For a government, and Parliament, which insist they are receptive to the needs of the people, it seems strange that a similar mechanism as in the UK has not been considered. In an age where social media websites and SMS messages are being used increasingly to mobilise public opinion, online petitions can be the ideal way to present that public opinion in a quantified way to the powers that be.

One may argue that India is not UK. It is true that the ratio of Internet users in India is nowhere near that of the UK. A large section of the society may still be left unheard, even if such an online petition portal is launched. In fact, recent reports suggest that India will continue to trail behind other developing countries in internet access. Yet, the figure of Internet users just in rural India is at present a formidable 24 million, just short of the 30 million Internet users in the entire UK in 2010 (Click here for stats).

An online petition is exactly what it says it is. A petition. The government need not have any apprehensions over the much detested 'civil society' dictating legislation. Even in the UK with a population of over 62 million, the necessary hits on a petition before it is considered by Parliament is just 100,000. Even 500,000 hits on an Indian petition should warrant a 'consideration' by the Indian Parliament.

The calculations may be made by those more competent to do so. But the nub of the argument is that it is high time the Government of India, or Parliament, considers presenting an online, transparent forum for citizens to give their opinions on governance issues. A government may shy away from referendums due to a hundred practical reasons. But what is stopping it from listening to legitimate suggestions with demonstrable popular support?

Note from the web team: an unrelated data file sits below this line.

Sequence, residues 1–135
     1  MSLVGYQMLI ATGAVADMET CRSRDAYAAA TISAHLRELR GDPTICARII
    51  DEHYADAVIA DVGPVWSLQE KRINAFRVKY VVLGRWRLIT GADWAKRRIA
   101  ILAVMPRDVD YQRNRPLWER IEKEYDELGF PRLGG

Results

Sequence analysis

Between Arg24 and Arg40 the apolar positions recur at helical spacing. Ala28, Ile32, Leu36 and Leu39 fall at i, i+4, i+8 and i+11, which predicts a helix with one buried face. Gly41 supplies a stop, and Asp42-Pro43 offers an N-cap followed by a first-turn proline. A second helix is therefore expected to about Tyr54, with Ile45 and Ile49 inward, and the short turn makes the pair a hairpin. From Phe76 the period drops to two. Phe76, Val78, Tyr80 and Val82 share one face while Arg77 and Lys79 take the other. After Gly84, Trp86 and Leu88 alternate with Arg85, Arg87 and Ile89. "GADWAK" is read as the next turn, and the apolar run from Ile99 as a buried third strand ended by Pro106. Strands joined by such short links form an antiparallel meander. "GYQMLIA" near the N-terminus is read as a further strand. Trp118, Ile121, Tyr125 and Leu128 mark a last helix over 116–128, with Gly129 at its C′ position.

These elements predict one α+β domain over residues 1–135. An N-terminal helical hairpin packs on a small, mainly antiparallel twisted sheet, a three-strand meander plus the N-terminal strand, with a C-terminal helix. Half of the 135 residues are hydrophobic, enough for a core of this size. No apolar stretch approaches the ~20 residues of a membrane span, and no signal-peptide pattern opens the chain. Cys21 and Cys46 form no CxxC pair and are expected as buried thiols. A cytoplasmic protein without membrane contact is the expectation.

Some may argue that given the track record of government departments in maintaining online assets, this proposal is sure to fall flat. That is true. Some would argue that the maintenance of such a system could be open to manipulation by hackers and other undesirables. That is also true. However, the first would then just be another reflection on the incompetence of government bodies... And the second, the incompetence of our much vaunted software engineers.

There will be others who argue this is a futile exercise, as governments would simply turn a blind eye as they always have... But the counter argument is that an online petition would demonstrate in quantifiable numbers the groundswell of support for any petition. You can't argue with numbers... even in a democracy.

The final drawback could be that the portal would end up becoming a forum for frivolity. True, there will be suggestions from some citizens which may challenge the boundaries of good sense. But then, that is democracy... where anyone has the right to talk and be heard, but not necessarily supported.